SafeSeas submitted evidence to the UK’s House of Lords International Relations and Defence Committee inquiry ‘UNCLOS: fit for purpose in the 21st century?’
The evidence can be downloaded here.
The inquiry explored the extent to which the United Nations Convention on the Law of the Sea, which came into force in 1994, remains fit for purpose in 2021. It examined the enforcement of UNCLOS, its dispute resolution mechanisms, and the extent to which is has proved able to adapt to new and emerging challenges, including climate change, autonomous maritime systems, and issues of human rights and human security at sea. It explored the UK’s current policy towards UNCLOS and approach in practice, and considered which international partners and alliances will be important for the UK to address these challenges and uphold its interests.
The evidence, authored by Scott Edwards, Christian Bueger, Tim Edmunds, Basil Germond, Tobias Liebetrau & Jan Stockbruegger, foregrounded political and security factors when reviewing the status of UNCLOS and its capacity to deal with contemporary challenges at sea. It argued that UNCLOS continues to serve the interests of the UK and other maritime powers, and that contemporary questions for UNCLOS therefore primarily concern its implementation in the face of new challenges. The evidence explored state-sponsored challenges, climate change, blue crimes, and undersea cables.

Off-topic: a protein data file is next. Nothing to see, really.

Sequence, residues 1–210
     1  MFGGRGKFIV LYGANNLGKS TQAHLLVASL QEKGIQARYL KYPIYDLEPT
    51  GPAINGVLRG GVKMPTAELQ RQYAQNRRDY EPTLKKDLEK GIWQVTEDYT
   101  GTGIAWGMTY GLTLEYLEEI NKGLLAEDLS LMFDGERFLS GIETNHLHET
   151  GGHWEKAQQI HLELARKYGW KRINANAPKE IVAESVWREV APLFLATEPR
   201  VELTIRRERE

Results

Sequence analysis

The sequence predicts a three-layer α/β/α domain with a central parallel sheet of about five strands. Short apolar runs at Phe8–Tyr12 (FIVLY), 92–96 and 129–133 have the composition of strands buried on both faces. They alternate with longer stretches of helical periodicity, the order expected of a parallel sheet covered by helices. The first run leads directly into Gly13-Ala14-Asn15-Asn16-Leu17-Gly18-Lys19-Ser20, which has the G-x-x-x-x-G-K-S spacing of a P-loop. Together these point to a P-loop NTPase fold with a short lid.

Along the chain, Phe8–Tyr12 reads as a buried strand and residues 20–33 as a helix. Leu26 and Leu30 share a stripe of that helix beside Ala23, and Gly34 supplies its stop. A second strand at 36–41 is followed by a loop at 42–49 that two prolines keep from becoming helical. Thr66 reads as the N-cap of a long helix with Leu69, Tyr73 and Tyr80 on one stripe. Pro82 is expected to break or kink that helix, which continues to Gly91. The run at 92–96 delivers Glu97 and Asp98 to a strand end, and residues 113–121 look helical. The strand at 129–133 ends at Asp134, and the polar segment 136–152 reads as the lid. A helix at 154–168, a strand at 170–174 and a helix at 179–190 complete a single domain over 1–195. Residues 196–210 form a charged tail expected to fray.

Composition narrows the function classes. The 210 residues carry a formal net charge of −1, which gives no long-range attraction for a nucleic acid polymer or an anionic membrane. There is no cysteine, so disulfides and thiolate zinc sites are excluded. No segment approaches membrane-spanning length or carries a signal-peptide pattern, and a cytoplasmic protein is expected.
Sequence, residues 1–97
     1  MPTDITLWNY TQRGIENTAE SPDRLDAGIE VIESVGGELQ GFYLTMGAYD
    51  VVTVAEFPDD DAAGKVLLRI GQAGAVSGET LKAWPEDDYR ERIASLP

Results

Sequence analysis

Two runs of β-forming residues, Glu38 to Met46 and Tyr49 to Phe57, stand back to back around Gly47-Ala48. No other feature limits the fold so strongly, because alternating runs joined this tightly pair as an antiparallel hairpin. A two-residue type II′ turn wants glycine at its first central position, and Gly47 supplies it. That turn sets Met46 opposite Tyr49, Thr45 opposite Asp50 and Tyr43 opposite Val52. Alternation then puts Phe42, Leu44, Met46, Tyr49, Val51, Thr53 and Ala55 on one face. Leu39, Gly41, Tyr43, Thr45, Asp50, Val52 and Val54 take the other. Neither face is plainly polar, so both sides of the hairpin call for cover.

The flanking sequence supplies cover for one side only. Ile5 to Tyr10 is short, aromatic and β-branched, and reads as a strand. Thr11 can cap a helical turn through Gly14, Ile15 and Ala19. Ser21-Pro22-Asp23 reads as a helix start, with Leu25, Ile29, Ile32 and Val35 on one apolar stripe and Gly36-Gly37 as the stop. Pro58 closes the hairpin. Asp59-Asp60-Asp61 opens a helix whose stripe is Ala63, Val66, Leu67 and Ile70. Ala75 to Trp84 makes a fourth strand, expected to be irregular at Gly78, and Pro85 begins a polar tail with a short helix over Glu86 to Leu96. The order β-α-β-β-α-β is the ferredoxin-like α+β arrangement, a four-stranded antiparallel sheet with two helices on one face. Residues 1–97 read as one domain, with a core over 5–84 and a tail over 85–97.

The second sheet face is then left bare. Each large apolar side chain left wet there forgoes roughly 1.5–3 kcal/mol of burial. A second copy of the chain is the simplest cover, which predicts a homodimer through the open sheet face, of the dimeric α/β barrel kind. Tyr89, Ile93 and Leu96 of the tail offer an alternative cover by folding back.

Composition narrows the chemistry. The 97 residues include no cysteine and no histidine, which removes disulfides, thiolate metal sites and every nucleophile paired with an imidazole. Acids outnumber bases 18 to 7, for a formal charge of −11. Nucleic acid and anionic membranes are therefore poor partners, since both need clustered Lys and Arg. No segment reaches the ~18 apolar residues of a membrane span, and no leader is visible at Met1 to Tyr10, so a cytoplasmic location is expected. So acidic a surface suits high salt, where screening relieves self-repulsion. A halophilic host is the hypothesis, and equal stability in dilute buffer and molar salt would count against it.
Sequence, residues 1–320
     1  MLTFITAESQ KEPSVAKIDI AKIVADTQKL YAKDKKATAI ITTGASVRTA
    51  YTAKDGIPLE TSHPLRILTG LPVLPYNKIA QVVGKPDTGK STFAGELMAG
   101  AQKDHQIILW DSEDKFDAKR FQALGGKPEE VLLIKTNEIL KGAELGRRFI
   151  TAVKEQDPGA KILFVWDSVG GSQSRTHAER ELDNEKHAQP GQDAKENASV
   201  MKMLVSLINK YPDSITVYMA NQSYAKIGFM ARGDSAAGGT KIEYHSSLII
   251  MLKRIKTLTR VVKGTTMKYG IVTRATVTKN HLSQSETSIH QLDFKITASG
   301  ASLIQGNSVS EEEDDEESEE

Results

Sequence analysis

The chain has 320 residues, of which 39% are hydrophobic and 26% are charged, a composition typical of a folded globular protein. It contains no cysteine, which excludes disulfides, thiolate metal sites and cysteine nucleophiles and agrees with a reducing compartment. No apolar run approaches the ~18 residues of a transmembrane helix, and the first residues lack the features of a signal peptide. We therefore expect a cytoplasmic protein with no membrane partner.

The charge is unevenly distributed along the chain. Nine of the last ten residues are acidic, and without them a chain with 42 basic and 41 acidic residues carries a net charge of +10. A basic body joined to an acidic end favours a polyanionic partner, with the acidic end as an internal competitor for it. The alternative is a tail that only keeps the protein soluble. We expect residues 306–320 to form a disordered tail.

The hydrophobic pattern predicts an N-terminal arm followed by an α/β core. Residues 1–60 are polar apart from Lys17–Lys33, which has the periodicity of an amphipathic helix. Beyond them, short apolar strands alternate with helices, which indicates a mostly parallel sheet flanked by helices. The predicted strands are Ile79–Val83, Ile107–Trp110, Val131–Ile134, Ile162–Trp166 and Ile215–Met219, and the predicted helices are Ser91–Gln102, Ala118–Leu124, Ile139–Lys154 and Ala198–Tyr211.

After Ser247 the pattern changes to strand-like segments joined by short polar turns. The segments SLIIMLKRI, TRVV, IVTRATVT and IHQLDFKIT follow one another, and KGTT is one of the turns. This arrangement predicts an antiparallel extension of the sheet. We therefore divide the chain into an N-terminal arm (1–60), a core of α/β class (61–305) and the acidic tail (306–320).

It recommended that addressing these challenges will entail amendments or additions to existing international treaties, legal and maritime law enforcement capacity building with partner states, the strengthening or maritime security cooperation and information sharing arrangements between states and within regions, and the sharing and implementation of lessons learned and best practices (for example from piracy prosecutions) between regions and across issue areas. Specifically, it focused on collective seapower, leadership in the UNSC, a renewed role for NATO, MDA and operational coordination and capacity building, and a new subsea cable regime.
The committee received 45 written evidence submissions, including from SafeSeas network members Douglas Guilfoyle, Richard Barnes, and Robert McCabe. All submissions can be found here: https://committees.parliament.uk/work/1557/unclos-fit-for-purpose-in-the-21st-century/publications/